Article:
Spider-Man: Across the Spider-Verse has raised the bar for animation, but not without some challenges.
In a recent report from Vulture, four animators who worked on the project discussed the difficult working conditions they experienced, including constant revisions and long, exhausting workdays. The animators attribute these issues to the management style of writer/producer Phil Lord. Lord, along with co-writer/producer Chris Miller and directors Joaquim Dos Santos, Justin K. Thompson, and Kemp Powers, declined to comment on the allegations.
According to the animators, Dos Santos, Thompson, and Powers were overshadowed by Lord, who insisted on final approval for every sequence in the movie.
Lord’s partner, Miller, was apparently absent for much of the production.
While Lord and Miller have achieved success in the animation world with hits like Cloudy with a Chance of Meatballs and The LEGO Movie, Lord reportedly struggled with conceptualizing 3D sequences during the early planning stages of the Spider-Verse. This led to more work for the animators as they had to continuously make changes based on his preferences.
One animator described the situation as “nuts,” emphasizing that they had never experienced such level of chaos and revisions in previous projects.
The animators and crew members claim that they were constantly asked to make alterations to sequences that had already been approved, which caused a backlog of work and resulted in grueling workdays.
The film, which utilizes six different animation styles, faced multiple delays before its release. While Entertainment Weekly attributed these delays to pandemic-related issues, the animators reveal that they were hired in the spring of 2021 but had to wait for several months while Lord made adjustments to the film.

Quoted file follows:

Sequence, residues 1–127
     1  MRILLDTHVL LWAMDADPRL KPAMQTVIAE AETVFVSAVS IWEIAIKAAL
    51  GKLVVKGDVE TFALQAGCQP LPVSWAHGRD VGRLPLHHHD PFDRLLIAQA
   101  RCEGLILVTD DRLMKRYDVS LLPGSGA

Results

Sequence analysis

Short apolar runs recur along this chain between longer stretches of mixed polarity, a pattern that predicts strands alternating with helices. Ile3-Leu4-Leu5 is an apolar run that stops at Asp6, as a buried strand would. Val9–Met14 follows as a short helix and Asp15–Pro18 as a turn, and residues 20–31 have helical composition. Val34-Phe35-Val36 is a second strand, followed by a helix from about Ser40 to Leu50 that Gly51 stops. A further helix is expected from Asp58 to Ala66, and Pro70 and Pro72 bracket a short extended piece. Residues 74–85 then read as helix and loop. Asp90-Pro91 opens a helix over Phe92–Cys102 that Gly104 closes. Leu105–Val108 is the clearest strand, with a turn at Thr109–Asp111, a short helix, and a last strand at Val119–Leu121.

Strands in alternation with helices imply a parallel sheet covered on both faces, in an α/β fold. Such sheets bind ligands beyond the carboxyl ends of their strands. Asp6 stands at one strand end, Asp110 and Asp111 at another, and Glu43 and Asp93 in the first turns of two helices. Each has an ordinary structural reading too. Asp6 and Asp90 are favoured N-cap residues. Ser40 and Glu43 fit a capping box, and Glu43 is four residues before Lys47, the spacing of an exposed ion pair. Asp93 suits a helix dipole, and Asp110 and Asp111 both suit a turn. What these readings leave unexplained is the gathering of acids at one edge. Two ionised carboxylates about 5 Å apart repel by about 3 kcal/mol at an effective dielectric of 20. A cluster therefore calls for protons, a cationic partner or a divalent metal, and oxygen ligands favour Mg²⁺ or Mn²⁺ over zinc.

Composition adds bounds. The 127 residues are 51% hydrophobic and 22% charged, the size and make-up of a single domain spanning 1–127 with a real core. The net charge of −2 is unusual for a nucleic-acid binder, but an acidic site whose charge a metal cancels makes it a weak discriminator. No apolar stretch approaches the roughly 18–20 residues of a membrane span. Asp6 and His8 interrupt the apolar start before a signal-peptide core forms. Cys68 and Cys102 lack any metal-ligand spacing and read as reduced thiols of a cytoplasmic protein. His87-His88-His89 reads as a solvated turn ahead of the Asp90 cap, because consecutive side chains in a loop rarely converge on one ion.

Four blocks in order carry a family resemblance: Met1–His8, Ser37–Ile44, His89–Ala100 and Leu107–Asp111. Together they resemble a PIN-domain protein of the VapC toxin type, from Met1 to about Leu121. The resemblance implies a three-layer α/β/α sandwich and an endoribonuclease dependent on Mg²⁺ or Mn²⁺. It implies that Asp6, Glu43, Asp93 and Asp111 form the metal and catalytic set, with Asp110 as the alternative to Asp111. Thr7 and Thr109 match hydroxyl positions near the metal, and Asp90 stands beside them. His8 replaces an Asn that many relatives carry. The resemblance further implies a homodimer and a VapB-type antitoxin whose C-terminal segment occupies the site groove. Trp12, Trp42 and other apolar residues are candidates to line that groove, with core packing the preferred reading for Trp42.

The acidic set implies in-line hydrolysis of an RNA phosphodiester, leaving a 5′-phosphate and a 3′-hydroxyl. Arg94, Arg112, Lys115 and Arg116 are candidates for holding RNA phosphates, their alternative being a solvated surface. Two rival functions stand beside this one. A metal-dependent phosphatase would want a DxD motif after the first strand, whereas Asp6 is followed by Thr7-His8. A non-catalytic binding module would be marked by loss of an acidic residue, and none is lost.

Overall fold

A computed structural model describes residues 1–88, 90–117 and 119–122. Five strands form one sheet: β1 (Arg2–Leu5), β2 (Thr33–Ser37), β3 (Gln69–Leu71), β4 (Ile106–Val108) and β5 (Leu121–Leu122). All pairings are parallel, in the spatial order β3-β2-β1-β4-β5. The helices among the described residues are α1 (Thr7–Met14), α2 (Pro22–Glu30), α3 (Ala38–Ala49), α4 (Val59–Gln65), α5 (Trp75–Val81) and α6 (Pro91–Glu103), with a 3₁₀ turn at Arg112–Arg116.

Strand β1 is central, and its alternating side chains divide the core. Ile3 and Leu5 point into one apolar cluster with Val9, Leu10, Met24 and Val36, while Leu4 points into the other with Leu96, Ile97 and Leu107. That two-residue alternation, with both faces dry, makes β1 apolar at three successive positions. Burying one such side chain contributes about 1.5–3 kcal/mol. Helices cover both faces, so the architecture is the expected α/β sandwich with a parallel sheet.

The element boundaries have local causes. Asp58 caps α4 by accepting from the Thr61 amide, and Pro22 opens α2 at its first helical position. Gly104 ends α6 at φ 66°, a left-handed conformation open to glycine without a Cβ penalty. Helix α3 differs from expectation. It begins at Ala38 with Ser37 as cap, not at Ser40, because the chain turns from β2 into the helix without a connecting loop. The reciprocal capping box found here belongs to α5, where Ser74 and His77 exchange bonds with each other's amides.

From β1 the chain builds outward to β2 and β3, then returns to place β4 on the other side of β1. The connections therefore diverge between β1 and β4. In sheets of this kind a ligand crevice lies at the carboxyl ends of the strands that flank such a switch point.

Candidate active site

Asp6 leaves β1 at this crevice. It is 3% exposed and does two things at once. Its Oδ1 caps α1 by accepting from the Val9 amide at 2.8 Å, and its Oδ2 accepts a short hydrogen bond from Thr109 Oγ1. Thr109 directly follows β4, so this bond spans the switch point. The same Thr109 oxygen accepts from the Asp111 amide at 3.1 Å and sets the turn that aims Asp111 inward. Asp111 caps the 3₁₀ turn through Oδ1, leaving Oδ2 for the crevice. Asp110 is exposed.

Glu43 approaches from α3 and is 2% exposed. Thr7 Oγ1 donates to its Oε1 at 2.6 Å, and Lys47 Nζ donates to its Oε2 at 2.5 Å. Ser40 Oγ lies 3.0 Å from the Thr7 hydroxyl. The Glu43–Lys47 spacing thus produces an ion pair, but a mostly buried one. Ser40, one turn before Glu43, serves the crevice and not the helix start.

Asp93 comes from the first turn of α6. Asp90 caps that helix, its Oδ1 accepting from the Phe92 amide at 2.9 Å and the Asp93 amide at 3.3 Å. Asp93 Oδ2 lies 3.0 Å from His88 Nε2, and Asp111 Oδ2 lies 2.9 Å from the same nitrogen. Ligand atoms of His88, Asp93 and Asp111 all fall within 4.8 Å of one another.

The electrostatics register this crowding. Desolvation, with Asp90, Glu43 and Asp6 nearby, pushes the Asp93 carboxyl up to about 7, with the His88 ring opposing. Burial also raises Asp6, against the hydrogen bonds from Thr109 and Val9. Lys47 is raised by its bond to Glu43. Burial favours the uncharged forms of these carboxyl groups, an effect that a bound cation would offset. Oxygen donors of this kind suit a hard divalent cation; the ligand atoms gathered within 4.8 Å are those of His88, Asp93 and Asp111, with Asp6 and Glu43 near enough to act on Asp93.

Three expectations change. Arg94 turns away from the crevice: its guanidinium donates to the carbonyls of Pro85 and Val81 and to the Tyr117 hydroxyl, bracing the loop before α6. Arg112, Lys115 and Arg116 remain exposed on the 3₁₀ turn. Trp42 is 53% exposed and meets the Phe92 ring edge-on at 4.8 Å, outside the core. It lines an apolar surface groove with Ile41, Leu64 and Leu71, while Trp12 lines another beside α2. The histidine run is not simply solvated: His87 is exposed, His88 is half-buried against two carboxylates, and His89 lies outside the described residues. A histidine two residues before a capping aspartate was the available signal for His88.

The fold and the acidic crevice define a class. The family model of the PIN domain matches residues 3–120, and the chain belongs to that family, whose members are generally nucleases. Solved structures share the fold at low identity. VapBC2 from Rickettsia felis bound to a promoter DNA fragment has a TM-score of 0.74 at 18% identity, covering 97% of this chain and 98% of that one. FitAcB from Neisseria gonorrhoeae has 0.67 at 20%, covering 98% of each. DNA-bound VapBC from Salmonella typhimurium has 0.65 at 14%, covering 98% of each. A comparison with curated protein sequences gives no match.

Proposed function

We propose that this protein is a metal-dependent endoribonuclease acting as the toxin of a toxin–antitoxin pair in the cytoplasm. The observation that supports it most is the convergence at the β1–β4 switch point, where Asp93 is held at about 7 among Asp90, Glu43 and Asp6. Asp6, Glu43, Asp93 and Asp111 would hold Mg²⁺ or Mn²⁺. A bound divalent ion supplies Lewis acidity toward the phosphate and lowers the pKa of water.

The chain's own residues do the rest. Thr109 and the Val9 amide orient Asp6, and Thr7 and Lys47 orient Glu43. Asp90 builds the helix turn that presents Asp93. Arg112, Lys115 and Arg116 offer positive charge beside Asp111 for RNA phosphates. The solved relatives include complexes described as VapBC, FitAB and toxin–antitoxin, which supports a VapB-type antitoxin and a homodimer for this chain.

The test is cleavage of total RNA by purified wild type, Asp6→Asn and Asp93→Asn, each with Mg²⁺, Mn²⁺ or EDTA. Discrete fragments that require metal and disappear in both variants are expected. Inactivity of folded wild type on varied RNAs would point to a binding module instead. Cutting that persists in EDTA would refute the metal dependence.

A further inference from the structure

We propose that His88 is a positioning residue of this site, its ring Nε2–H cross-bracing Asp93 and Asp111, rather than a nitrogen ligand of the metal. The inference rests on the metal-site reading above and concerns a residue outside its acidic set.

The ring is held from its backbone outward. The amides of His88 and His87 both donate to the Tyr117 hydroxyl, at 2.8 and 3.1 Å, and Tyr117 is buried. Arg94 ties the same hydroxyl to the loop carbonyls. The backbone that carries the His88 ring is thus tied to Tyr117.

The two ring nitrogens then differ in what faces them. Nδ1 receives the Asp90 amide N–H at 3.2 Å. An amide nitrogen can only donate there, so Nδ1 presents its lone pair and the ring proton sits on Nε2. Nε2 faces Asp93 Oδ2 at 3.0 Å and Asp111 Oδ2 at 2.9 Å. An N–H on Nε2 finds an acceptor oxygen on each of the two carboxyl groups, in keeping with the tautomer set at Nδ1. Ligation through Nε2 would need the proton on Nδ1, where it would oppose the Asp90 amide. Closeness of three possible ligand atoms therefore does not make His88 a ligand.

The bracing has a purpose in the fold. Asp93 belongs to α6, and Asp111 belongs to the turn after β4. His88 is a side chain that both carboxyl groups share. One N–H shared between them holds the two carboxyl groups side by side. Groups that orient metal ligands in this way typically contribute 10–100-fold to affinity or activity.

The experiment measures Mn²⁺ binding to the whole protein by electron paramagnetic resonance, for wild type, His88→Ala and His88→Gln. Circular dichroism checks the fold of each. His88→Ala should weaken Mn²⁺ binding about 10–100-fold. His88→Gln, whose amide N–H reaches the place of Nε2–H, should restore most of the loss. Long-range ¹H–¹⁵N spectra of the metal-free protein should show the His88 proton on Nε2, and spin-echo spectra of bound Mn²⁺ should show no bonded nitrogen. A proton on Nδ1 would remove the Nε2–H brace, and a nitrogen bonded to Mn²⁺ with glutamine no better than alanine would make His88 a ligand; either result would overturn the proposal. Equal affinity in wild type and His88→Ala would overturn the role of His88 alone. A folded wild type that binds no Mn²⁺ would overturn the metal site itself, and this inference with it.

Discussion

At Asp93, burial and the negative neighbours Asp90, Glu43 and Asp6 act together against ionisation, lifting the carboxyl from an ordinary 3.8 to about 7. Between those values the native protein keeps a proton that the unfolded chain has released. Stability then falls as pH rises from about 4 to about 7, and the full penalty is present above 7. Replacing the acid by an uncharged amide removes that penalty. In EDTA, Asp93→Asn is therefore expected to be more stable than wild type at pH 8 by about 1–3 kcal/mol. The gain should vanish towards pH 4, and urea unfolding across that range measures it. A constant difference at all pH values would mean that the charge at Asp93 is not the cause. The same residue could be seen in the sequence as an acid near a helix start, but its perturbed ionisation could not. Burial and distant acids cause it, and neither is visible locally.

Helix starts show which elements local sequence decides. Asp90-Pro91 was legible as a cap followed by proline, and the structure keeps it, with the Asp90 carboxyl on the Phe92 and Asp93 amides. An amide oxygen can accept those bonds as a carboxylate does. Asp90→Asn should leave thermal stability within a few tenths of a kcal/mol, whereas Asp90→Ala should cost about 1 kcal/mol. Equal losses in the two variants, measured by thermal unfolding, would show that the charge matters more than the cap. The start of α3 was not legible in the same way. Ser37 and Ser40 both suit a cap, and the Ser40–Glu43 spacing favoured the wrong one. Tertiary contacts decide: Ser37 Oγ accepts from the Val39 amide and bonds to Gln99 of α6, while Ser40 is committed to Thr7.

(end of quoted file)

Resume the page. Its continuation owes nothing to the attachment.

Sony Pictures disputes the animators’ claims, including those about Lord’s management style. Former Sony chairperson Amy Pascal, who is still involved as a producer on Spider-Man projects, argues that it’s common for a large number of animators to work on such a complex film.
Pascal acknowledges that the film underwent significant changes in both narrative and visuals.
Michelle Grady, the executive vice-president and general manager of Sony Pictures Imageworks, echoes Pascal’s sentiments, stating that the animators making these claims do not represent the majority of the crew.
Despite the challenges faced during production, IGN’s review of Across the Spider-Verse praises the film for its visual inventiveness and vibrant evolution of the animation style established in Into the Spider-Verse. The review describes it as a worthy follow-up to the original.
If you want to learn more about Spider-Man: Across the Spider-Verse, check out our rankings of all the Spider-Man films and our breakdown of all the different Spider-Men in the movie.
Ryan Leston is an entertainment journalist and film critic for IGN. You can follow him on Twitter.
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